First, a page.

To truly immerse yourself in the language, switch to Portuguese. Anything that you usually read or listen to in English should be in Portuguese instead. That means switching your phone’s language, and making the most of the Portuguese-language on social networking sites like Facebook, Tumblr and Pinterest.
7. Watch Videos in Portuguese
As well as the variety of videos available from Fluent U, YouTube has a wealth of videos for the Portuguese learner. Besides the videos that are designed specifically for learning Portuguese, you can also browse popular videos in various countries by typing “popular YouTube videos in [country name]” into Google. YouTube will then show a list of videos that are popular in that country, and you can click at random until you find something that interests you.
8. Start Asking Questions When Listening
Listening passively to the Portuguese language is not enough to make you a fantastic Portuguese listener. You need to start listening actively, which means noticing new vocabulary or patterns of words, and asking questions.
If you’re listening to someone, don’t be afraid to interrupt them to ask what a word means. If there’s not a real person to ask, write down the vocabulary you don’t understand and look it up, or save it for later when you can ask your teacher or Portuguese-speaking friend.
9. Practice, practice, practice –
Take advantage of every single chance you have to listen to portuguese The old adage of “practice makes perfect” certainly rings true here. Rather than standing stunned like a deer in the headlights when someone throws rapid portuguese at you, constant listening practice will help you get the gist of what they’re saying. Soon, you’ll be able to distinguish critical keywords. This means you can understand the context of a conversation without worrying too much about understanding every single word.
10. Leave Voice Messages, Not Text Messages
Sending a Portuguese text message to your friends? Why not record a voice message instead? This is not only a good way to practice your speaking skills and get used to the sound of your own voice in Portuguese, but is also great practice when your friends reply in the same way. Make sure you’re firm on this point and ask for voice, not text messages from your Portuguese-speaking friends from now on.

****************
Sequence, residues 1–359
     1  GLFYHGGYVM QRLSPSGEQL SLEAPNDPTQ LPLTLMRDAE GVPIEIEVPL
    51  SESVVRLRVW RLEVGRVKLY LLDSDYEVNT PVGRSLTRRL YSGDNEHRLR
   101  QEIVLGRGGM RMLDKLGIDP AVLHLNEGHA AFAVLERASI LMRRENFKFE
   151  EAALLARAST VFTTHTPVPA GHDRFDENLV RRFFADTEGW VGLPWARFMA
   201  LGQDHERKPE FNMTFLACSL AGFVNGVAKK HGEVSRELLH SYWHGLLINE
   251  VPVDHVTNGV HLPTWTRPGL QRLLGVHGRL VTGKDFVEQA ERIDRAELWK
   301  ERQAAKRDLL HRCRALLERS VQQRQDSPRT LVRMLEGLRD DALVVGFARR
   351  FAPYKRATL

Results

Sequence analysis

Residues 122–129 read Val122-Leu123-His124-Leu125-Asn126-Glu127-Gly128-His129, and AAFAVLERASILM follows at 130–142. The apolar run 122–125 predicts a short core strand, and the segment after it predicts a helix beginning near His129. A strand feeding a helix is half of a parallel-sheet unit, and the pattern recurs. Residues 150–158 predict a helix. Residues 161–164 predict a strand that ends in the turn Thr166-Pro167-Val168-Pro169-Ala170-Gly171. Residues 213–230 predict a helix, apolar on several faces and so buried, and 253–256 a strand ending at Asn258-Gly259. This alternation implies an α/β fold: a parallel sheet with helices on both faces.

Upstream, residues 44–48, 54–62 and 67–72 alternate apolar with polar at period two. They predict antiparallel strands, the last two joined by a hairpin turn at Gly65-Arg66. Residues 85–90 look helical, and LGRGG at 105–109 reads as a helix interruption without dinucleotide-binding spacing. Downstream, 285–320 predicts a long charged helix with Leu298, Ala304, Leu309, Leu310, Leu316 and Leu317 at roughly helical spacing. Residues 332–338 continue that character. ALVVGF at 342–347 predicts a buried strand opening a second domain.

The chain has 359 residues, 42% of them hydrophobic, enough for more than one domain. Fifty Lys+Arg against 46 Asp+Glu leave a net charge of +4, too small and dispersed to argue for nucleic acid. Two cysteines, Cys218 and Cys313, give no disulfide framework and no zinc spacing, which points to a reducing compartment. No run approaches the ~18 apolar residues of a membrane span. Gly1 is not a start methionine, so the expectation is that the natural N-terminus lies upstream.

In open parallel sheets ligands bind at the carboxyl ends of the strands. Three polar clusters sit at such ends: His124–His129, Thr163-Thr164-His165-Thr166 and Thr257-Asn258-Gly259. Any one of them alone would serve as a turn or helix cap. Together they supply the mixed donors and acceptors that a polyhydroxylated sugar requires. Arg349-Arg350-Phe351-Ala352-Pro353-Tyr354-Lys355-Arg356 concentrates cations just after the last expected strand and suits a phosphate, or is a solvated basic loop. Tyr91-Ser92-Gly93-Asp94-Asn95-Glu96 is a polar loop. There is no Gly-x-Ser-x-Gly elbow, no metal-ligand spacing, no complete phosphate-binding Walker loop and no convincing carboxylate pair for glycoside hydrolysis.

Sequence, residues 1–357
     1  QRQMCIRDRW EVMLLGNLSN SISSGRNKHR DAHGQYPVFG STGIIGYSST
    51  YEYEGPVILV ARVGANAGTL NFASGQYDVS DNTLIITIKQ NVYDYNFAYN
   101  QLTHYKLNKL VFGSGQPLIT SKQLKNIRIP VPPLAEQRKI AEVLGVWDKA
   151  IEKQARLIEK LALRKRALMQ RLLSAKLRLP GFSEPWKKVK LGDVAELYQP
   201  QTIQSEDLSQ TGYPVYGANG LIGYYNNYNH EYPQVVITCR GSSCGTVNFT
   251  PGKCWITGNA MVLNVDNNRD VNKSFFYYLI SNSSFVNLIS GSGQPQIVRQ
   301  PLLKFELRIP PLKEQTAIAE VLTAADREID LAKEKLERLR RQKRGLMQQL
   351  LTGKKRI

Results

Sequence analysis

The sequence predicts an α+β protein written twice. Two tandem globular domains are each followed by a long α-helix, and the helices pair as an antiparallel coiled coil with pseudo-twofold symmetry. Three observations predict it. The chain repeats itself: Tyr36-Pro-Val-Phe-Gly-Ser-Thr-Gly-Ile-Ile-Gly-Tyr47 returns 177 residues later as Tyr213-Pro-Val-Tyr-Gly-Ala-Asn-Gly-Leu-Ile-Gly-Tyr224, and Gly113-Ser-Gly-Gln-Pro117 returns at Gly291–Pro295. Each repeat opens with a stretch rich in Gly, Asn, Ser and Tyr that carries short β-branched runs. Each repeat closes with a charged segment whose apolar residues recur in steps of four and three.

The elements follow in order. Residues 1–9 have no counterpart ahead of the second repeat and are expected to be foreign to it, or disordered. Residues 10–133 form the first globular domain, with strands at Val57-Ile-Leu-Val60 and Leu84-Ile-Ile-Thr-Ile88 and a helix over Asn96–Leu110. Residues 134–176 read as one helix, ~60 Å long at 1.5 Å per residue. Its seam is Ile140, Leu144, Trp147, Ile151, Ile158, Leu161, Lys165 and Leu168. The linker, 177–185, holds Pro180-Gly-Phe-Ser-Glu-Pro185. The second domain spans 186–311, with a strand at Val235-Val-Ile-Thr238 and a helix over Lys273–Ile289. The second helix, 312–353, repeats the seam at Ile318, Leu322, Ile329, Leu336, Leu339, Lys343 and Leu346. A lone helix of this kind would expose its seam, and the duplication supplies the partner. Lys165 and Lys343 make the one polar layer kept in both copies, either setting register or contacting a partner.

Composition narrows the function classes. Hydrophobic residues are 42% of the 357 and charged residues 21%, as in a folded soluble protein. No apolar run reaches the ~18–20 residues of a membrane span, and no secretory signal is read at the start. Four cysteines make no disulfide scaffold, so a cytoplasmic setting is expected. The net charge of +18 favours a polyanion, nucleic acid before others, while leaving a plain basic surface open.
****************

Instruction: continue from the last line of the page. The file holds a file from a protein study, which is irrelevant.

11. Read out loud
If you’re listening to a lesson and reading along, read out loud. Then re-read and speed up your tempo. Do this again and again until you can speak faster. Try your best to pronounce the words correctly, but don’t obsess about it. Read swiftly, emote and put some inflection on the sentences. Reading aloud helps to train the muscles of your mouth and diaphragm to produce unfamiliar words and sounds.
12. Review New Vocabulary Often
In order to remember new words and incorporate them into your own vocabulary, you’ll need to review them often – but just do a little at a time. This might mean reviewing your Portuguese notebook for ten minutes before you go to sleep, or writing vocabulary in a place where you’ll see it often (e.g. tacked up on the bathroom wall). Reviewing vocabulary will also help you recognize words when you hear them the next time, so your listening will keep on improving.
Bonus Tip: Listen to yourself.
If you’re having a conversation with yourself in front of the mirror or in your head, you’re already listening to yourself. Use your own voice to practice your Portuguese listening skills!
You may think I am crazy, but I talk to myself in the languages I study when I have a shower or go for a run. I create imaginary conversations, ask myself questions and give myself answers pretending to be another person. Sometimes I even change my voice or my accent!
Listening to yourself is an amazing way of improving your listening skills.
In this method, not a single word from another language is used to teach a target language to a student. Actions (movements) and gestures are used to explain meanings of expressions such as ‘sit down’, ‘get up’, ‘go out’, ‘come in’, etc. spoken in the target language.
Don’t forget that you might not even catch or understand everything that is said in your own language, so don’t expect to understand every single word when listening in Portuguese. Just use our tips to focus on getting a little bit better every day, and you’ll get there eventually.